Varolio, Costanzo

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(b. Bologna, Italy, 1543; d. Rome, Italy, 1575)


Varolio, the son of Sebastiano Varolio, a Bolognese citizen, studied medicine at the University of Bologna. He displayed interest and aptitude in particular for anatomy, which he pursued under the direction of Giulio Cesare Aranzio. Varolio received his medical degree in 1567, and in 1569 was given the extraordinary chair of surgery, which carried with it the responsibility of teaching anatomy as well. He held this position until 1572, when he went to Rome. There is little positive biographical information about Varolio and, consequently, some difference of opinion as to whether or not he went to Rome upon invitation to join the medical faculty of the Sapienza, the papal university. Contrary to former positive assertions, Varolio’s name appears not to have been listed in the rotuli of that institution. Moreover, there is also question as to whether he had been invited to become the physician or surgeon of Pope Gregory XIII or, indeed, had any appointment at all in the papal medical service. In any case, Varolio was esteemed by the pope and enjoyed his patronage during the three years that he was in Rome. According to a contemporary commemorative inscription– which refers to Varolio’s anatomical lectures and demonstrations “in gymnasio Romano”–he is declared to have died “from an unknown ailment.”

During his short life Varolio wrote two books, De nervis opticis nonnullisque alüs praeter communem opinionem in humano capite observatis (Padua, 1573), illustrated with three views of the brain drawn by the author, and the posthumously published Anatomiae sive de resolutione corporis humani libri IIII (Frankfurt, 1591), which has been described as a teleologic physiology of man, but which contains a reprint of De nervis opticis. It has furthermore been asserted that Varolio was the author of a work entitled De cerebro, published at Frankfurt in 1591, and of a large anatomical treatise in four books with many illustrations that was being printed at the time of his death. Neither attribution appears to be correct; in both instances there was apparently confusion with the existing posthumous Anatomiae libri IIII, which contains no illustrations except for the three figures of the brain that appeared originally in the earlier work of 1573.

De nervis optics, the source of Varolio’s anatomical reputation, consists of a letter to Girolamo Mercuriale dated 1 April 1572, the latter’s reply, and a response by Varolio. The book was published without Varolio’s consent or knowledge throught the efforts of Paolo Aicardi, a disciple of Mercuriale.

From Galenic times onward the brain had been dissected in situ by means of a series of horizontal slices begun at the uppermost part of the cerebral hemispheres. Varolio, “considering most organs of the brain to be near the base of the head, and the brain by its weight, especially in the dead body, to compress them between itself and skull,” judged the usual method of dissection “to be hindered by many obstacles.” In consequence he used a new method by which he first removed the brain from the skull, turned it over, and dissected it from below, beginning at its base. “If one proceeds in this way,” he wrote, “each of [the brain’s] organs may be observed as completely as desirable.” Although he referred to his new method of dissection as “unusual” and “very difficult,” it did permit a better observation of the structures of the brain, notably the cranial nerves, and was widely followed. It was in consequence of his new technique that Varolio was able for the first time to observe and describe the pons, still known as the pons varolii, so called because the spinal marrow was “carried under this transverse spinal process as a flowing stream is carried under a bridge.” Although Varolio considered the pons to be part of the cerebellum, it has more recently been attributed to the brain stem.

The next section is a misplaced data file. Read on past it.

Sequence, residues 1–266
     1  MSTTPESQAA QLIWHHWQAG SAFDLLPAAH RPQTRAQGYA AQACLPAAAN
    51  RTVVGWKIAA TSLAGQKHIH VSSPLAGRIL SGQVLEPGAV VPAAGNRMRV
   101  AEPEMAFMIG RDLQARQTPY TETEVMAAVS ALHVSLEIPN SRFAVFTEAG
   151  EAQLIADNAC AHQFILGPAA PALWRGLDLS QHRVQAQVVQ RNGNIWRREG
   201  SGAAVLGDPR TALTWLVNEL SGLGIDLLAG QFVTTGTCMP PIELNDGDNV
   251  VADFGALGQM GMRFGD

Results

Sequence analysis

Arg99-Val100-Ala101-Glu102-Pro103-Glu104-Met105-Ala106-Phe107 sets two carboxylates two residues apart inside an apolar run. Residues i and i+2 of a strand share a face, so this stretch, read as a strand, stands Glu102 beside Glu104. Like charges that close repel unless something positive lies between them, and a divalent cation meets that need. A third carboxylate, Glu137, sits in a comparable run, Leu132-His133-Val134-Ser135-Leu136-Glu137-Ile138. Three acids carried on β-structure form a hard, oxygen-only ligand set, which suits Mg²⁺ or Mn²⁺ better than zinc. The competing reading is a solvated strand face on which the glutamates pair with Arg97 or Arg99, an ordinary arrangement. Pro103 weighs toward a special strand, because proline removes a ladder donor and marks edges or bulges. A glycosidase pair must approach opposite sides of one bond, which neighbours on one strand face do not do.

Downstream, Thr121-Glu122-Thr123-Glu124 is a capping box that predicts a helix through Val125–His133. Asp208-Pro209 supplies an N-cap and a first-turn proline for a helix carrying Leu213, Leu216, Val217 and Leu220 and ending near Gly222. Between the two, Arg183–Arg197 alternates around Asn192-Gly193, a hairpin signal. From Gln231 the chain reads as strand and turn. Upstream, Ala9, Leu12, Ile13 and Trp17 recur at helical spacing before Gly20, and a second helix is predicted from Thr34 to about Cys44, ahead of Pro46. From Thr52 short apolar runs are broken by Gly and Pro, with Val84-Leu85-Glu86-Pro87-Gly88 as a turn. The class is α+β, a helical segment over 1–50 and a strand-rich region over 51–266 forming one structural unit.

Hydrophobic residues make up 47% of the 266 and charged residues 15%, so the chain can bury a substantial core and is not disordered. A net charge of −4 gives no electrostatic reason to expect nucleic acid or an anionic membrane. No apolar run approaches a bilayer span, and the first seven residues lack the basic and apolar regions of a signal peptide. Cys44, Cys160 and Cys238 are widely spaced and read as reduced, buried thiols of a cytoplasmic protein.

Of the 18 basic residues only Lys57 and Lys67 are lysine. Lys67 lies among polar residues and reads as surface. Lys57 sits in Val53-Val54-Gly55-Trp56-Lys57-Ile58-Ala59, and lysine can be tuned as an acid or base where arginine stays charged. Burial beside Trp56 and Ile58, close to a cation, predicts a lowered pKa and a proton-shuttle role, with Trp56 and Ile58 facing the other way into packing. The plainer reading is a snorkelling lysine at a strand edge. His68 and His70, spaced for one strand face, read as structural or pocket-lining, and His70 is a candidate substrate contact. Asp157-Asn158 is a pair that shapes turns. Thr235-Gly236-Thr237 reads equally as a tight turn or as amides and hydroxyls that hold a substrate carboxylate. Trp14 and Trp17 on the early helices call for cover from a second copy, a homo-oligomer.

As a result of this new method of dissecting the brain, Varolio was able to make some contributions to the knowledge of the course and terminations of the cranial nerves. In the instance of the optic nerve, which provided the title of the book, he traced its course approximately to the true termination. He also suggested that the spinal cord had four tracts, two anterior serving sensation and two posterior for cerebellar functions.


Varolio’s two books, mentioned above, are very rare, De nervis opticis especially so. This work has been reprinted in facsimile (Brussels, 1969).

Works giving biographical information about Varolio are scanty and many data must be used with caution. They are, in chronological order, Gaetano Marini, Degli archiatri pontifici, I (Rome, 1784), xxxviii, 429: Giovanni Fantuzzi, Notizie degli scittori bolognese, VIII (Bologna, 1790), 158–160; Michele Medici, Compendio storico della Scuola Anatomica di Bologna (Bologna, 1857), 84–90: Umberto Dallari, I rotuli dei lettori legisti e artisit dello Studio Bolognese dal 1384 al 1799 II (Bologna, 1889), 176, 179, 182: and Ludwig Choulant, History and Bibliography of Anatomic Illustration, Mortimer Frank, trans. (Chicago, 1920), 214–215. There is also some information on Varolio as an anatomist in Antoine Portal, Histoire de I’anatomie et de la chirurgie, II (Pairs, 1770), 28–38.

C. D. O’Malley